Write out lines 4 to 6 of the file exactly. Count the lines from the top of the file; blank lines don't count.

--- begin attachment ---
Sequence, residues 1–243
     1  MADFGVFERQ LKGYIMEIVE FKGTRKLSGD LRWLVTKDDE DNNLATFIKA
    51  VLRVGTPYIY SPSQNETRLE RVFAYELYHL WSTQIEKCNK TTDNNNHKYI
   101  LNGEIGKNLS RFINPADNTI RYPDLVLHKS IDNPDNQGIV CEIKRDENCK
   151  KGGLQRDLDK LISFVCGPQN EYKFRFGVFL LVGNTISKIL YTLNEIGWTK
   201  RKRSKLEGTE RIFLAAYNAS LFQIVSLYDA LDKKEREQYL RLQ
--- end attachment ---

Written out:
   101  LNGEIGKNLS RFINPADNTI RYPDLVLHKS IDNPDNQGIV CEIKRDENCK
   151  KGGLQRDLDK LISFVCGPQN EYKFRFGVFL LVGNTISKIL YTLNEIGWTK
   201  RKRSKLEGTE RIFLAAYNAS LFQIVSLYDA LDKKEREQYL RLQ